Brisbane 2011: Living with Floods and Dancing with Dugongs: Part 8- Examples of Flooding in Europe

Bill Dennison ·
13 February 2012
Queensland Floods | 

I will use three examples of flooding from Europe. The first two are up in the North Sea: London and Holland, and finally the famous case of Venice, which is sinking fast. In 1953 there was a devastating storm surge in the North Sea. The storm surge was two and a half meters on the Netherlands' coast, two and a half meters on southern England, and dwindled away from there. There was a series of northwest winds and spring tides, which resulted in twenty-five hundred people dying in Holland, and three hundred people in England, and many ships were lost. Note, that isn't the total death count; there were a lot of others. So it had a big impact and clearly people responded. London had long experienced storm surges, noted by the famous diarist Samuel Pepys, who wrote about the Black Death and the Great Fire of London. He also wrote about flooding. In 1663 he wrote, "There was last night the greatest tide that was ever remembered in England to have been in this River all Whitehall having been drowned". London had a series of surges, so they responded after the big '53 event. Of course it took them until 1982 to actually complete it, but they put a big set of storm surge gates, (the second biggest in the world) for the River Thames, downstream of London, to prevent the storm surges from coming in.

Thames Barrier (credit: the MIT Club of Great Britain)
Thames Barrier (credit: the MIT Club of Great Britain)

The Dutch also have been responding to sea-level (of course they're great engineers). If you see this current map of Holland, compared to the historical map, you see that huge areas are areas of re-claimed land, which is short for being below sea-level. There are so many places that you can go, driving in a car or on a train, and you can see a ship sailing above you, and a stream down below you. It is just mind boggling, they have so much water at different levels. They have massive dikes, in the south. They are being built and added to, because since '53 there has been impressionable sea-level rise. So they have been adding to those dikes to account for that rise with huge engineering works.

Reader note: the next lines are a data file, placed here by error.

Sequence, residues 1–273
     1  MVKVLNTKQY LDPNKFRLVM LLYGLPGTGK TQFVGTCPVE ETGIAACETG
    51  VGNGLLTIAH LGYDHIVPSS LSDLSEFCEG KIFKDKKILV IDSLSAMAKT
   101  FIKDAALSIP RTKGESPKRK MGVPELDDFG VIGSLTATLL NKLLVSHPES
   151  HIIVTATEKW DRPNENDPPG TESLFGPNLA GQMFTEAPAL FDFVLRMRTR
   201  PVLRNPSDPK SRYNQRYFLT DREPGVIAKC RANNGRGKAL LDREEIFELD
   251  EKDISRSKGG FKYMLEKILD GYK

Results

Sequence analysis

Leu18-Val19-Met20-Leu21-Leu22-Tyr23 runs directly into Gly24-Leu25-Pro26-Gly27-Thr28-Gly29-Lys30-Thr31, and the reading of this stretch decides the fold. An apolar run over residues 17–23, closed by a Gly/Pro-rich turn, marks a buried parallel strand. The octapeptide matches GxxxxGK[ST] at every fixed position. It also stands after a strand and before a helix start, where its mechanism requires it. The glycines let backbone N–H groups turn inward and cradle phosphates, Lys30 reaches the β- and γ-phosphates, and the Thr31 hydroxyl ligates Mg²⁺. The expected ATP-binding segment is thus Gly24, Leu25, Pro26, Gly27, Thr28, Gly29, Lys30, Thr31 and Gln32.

Maps illustrating The Netherlands' historical borders (left), and the area that is underwater (right). The area in green is the land that is now under sea-level.
Maps illustrating The Netherlands' historical borders (left), and the area that is underwater (right). The area in green is the land that is now under sea-level.

Port Rotterdam has the largest tide storm surge gates in the world that come in [towards the middle] to close off the water coming in. Of course, they also have the danger New Orleans does of flooding coming from the rivers, so they are very vulnerable from the storm surge, as well as riverine flooding.

Venice is probably the best known case study for sea-level rise. Venice is located in the top of the Adriatic Sea. I think that is an important part, because that is where the funneling of the Adriatic takes place with the northwest winds. It sits not on the barrier island, and not on the mainland, but on an island behind the barrier islands. This island, or series of islands have been built up, and had wooden stumps pounded down and buildings constructed on them. Mark Pascoe and I spent some time there, a couple years ago, during one of those events. We were walking around and we found out that they sell not just gum boots at the local stores, but they sell hip boots, that you can put on and walk, because that is the height of the water. You can be caught in one of these events where you’re not just knee deep, but thigh deep in the water. This is Saint Mark's Square under water, and this type of flooding is a regular event.

St. Mark's Square in Venice, Italy (Credit: Reuters)

This blog post was created from a presentation by Bill Dennison, delivered at the historic Customs House in Brisbane, Australia on 8 July, 2011 (full powerpoint presentation can be accessed on IAN Press.

About the author

Bill Dennison

Dr. Bill Dennison is a Professor of Marine Science and Vice President for Science Application at the University of Maryland Center for Environmental Science (UMCES). Dr. Dennison’s primary mission within UMCES is to coordinate the Integration and Application Network.

Next Post > Brisbane 2011: Living with Floods and Dancing with Dugongs: Part 7- Examples of Flooding in the United States

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